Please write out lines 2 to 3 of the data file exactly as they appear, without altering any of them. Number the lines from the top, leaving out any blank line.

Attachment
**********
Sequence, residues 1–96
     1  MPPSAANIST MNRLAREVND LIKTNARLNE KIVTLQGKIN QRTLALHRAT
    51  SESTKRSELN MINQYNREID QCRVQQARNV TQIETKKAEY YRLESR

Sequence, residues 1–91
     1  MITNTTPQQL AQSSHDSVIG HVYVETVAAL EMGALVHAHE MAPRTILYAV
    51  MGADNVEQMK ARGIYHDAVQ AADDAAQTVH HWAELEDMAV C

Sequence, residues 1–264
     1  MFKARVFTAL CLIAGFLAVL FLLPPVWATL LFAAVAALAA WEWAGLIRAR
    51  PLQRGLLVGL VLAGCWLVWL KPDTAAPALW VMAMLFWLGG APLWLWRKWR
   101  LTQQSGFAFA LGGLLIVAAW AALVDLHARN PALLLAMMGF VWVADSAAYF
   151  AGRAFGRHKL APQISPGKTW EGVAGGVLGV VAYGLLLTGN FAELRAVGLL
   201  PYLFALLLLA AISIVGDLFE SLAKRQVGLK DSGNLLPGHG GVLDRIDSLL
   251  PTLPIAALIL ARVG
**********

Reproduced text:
     1  MPPSAANIST MNRLAREVND LIKTNARLNE KIVTLQGKIN QRTLALHRAT
    51  SESTKRSELN MINQYNREID QCRVQQARNV TQIETKKAEY YRLESR